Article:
Tony Hoyland discovers a beautifully-restored, ex-demonstrator Roadless Ploughmaster 90 that’s been brought back to life in the most exacting way.
I think it’s fair to say that I, pretty much like the rest of you reading this, have been starved of the privilege of walking up and down splendid collections of tractors lined-up for parade throughout 2020. So, it was an unexpected and welcome surprise to go and see the latest restoration by Jack Ashton, whose last project, a Farmall H, was featured in the March 2020 issue of Tractor & Farming Heritage magazine. This time the tractor was a Roadless Ploughmaster 90, a restoration he’d just put the finishing touches to and returned to its owner Richard Mason, who lives on the outskirts of Boston, in Lincolnshire.
Not only was I met by this latest piece of immaculate work, but also by a mind-boggling array of Roadless tractor history. This included Roadless examples of E27N Full track and Half-track crawlers, a Blue Grey Super Major full track crawler plus Dextas, Super Majors and much more. The theme today, however, was Ploughmaster, and the newly-restored 90 sat alongside a mouth-watering selection of the Ploughmaster range, including the 6/4, 75, 90, and 120 tractors.
Richard bought the Roadless 90 at a Cheffins sale some 10 years ago. He explained: “I’ve been collecting for 14 years now. I saw a Super Major at the Carrington Rally some 15 years ago and then went and bought one, and that was the start of it all.”
“It used to be a Roadless demonstrator for the Eastern Counties, and I have a copy of the build card for the Ploughmaster 90 from John Bownes, who took over the Roadless business. It was ordered on January 11th, 1966, as a demonstration tractor, and was supplied to RC Edmondson on September 7th, 1966.
“Unfortunately, after that, the trail runs cold on the tractor’s history. It’s fitted with an age-related plate. Fast forward nine years, and ‘master restorer’ Jack Ashton took on the nut-and-bolt restoration of the Ploughmaster 90, starting work in January, 2020. Just nine months later, the task was completed. The Ploughmaster 90 was only produced for a year (1965-1966) and, according to Stuart Gibbard’s book Roadless – Story of Roadless Traction from Tracks to Tractors, there were only 127 produced.”
The Ploughmaster 90 was the successor to the Ploughmaster 6/4. It still used the Ford 5000 skid unit, and Roadless used the Ford 590E six-cylinder engine. As per the 6/4, the model 90 possessed the Roadless short wheelbase, this had the benefit of putting more weight on the front drive axle to increase traction. However, there were reliability problems with the hydraulics and front axle and, just one year later, the Ploughmaster 95 was launched. This new tractor was fitted with Ford’s more powerful, six-cylinder 2703E engine, and there were other modifications which included upgrades to the hydraulics and front axle.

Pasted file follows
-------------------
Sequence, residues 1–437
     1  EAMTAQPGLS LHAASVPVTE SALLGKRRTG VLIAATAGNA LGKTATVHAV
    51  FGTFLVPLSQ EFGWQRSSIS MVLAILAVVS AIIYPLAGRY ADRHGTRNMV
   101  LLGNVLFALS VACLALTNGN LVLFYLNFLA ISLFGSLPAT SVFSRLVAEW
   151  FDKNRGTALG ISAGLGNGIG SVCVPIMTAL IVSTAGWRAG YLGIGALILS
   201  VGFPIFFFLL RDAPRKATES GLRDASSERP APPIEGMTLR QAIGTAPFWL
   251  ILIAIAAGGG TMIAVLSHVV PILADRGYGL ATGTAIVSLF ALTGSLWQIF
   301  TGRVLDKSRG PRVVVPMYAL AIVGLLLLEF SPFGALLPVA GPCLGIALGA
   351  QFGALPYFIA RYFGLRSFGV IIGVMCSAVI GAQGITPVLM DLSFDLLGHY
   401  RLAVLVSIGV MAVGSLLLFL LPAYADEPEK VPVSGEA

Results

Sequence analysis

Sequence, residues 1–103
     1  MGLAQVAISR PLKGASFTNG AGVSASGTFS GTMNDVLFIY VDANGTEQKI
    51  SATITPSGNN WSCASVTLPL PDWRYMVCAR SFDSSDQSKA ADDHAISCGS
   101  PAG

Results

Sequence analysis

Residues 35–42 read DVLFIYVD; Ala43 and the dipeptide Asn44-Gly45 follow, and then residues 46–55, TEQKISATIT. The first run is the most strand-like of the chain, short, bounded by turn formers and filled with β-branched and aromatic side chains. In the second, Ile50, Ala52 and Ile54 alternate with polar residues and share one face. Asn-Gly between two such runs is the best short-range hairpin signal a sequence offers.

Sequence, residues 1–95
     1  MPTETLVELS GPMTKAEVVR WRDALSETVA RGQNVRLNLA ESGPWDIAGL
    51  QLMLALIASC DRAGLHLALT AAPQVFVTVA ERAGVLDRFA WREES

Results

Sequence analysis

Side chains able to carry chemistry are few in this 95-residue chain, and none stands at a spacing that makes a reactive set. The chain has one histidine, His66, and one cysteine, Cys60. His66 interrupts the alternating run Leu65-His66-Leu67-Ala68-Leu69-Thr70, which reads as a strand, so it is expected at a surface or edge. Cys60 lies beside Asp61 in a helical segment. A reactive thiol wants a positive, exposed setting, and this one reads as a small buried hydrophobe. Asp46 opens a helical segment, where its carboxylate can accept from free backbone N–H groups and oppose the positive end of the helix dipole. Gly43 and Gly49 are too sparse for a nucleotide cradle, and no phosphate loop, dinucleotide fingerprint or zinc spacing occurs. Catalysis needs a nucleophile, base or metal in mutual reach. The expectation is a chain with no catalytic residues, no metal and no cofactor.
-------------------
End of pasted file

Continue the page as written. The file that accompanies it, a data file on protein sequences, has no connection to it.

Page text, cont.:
When Jack began the restoration, he soon discovered that someone had been there before him, and that the tractor had been poorly-restored in the past. As a result, there were issues with the front axle, and the engine and clutch underwent a complete rebuild. Jack got a lot of his original spares for the restoration from John Bownes Ltd. He said: “It was unreal to get the new/old stock from him, items like the seals came in their original wax paper wrappers, as they were supplied years ago; that’s something an engineer appreciates!
“The restoration only took nine months, but the Coronavirus pandemic slowed things down a little. For example, I’d sent the injectors and injector pump away for overhaul, and they sat there waiting to be worked on while everyone was in lockdown.”
Jack did all the paintwork on the tractor, apart from the nose cone, bonnet and fuel tank cowl. These panels were all badly damaged, so they went to a professional to be repaired and painted. He added: “The bonnet is the original, that was altered at the factory to make it longer, and to allow space for the battery. However, it had started to bow, and was showing signs of poor previous repairs.
“The issues I came across during the restoration of the engine included damage to No.5 on the cylinder head. It looked like historic damage, possibly caused by a dropped valve. So, Richard sourced a secondhand one from a friend, Paul Wright, which we had reconditioned by the Welham Group.
“When the tractor came in, it ran but didn’t start well and smoked while running. The fuel-injection pump was well past its best, so we had it and the injectors reconditioned by the Welham Group in Leicester, as well. The same company also supplied the parts for the engine build, and I found it a very good operation to deal with.
“The clutch was in very good order, so just needed stripping down and cleaning. The axle was fully stripped as there were small cracks to be welded on the main body. Everything else was in good order, so it was just a case of rebuilding with new seals and gaskets. Then re-filled with new semi-fluid grease.”
Planning for the future
Looking ahead, Jack would like to carry on with more restoration projects. “For now, I’d like to carry on as I am,” he says, “and do the odd one as a hobby. To do any other would mean doing it somewhere else, or extending the garage.”
Speaking of extensions, Richard has a few tractors which will barely fit into his existing shed, and has his eye on expanding his collection with models such as the Muir-Hill 121. With this in mind, we looked at a patch of ground nearby during my visit, which he’s already earmarked for another shed, if all goes well. Watch this space. In the meantime, he’s just hoping that we can all return to taking tractors to shows, on road runs and to working events again soon as the pandemic eases and these events start up once again.
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